Challenges in Ethiopia
Jim Ellison, associate professor of anthropology, outlined Ethiopia’s shifting social, economic and political landscape Feb. 2 in a thought-provoking FaculTea lecture. Held in the Biblio Café, the lecture shed light on social inequalities that persist after Ethiopia's liberalization in 1991, when the country's socialist government was overthrown.
Ellison noted that while southern Ethiopian minorities have managed to improve their situation during the past two decades, underlying tensions still exist and are occasionally acted out. “The hostilities are expressed in new forms, and in different ways,” he explained. “It’s similar to what we see happening in Egyptian society right now, in that there are deep, longstanding contextual relationships [at play] that we may not recognize [at first glance].” [Story continues below.]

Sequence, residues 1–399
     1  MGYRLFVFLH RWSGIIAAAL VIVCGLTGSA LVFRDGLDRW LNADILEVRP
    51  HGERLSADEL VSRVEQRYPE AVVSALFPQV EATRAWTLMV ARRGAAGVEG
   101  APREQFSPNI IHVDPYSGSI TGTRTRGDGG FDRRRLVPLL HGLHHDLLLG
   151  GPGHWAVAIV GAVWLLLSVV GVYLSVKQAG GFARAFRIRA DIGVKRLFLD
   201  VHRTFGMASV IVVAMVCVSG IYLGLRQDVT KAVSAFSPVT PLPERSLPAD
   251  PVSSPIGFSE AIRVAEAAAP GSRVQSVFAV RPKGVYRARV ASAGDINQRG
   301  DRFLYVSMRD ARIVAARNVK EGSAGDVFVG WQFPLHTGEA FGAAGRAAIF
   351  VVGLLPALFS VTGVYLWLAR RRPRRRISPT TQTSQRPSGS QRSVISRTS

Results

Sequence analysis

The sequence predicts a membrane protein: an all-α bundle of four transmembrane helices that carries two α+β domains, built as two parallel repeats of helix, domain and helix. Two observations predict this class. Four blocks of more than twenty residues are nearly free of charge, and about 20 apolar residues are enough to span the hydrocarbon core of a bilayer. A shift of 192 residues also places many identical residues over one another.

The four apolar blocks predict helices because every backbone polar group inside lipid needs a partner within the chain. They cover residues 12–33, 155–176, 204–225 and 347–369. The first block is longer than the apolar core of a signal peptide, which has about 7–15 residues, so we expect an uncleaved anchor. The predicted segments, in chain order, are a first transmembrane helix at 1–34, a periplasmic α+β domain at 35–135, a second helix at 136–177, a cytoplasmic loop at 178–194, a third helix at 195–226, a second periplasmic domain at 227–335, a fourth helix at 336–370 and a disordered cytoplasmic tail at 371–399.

- Jim Ellison
- Giovania Tiarachristie '13
- Excellent Turnout
- Complex Issues
- Bradley Roller '14
- Priscilla Colon '13
- Worth the Trip
Jim Ellison, associate professor of anthropology, discusses his research on Ethiopia's political and economic liberalization.Prev ImageNext Image
Ellison, whose work focuses on colonialism, socialism and neoliberalism in Ethiopia and Tanzania, traveled to Ethiopia several times to research this phenomenon. In July, he will take anthropology students on a six-week trip to Tanzania, where, with the help of peer translators, they will research nutrition and health challenges faced by East African peoples.
He said he was gratified by the response to his lecture, which attracted 30-40 audience members despite dreadful winter weather. This included Remo Chiatti, father of Lawrence '13, who had lived for a time in southern Ethiopia and traveled two hours to attend the event.
“I'll be sending him some of my papers,” Ellison said.
By MaryAlice Bitts Jackson
Photos by Carl Socolow '77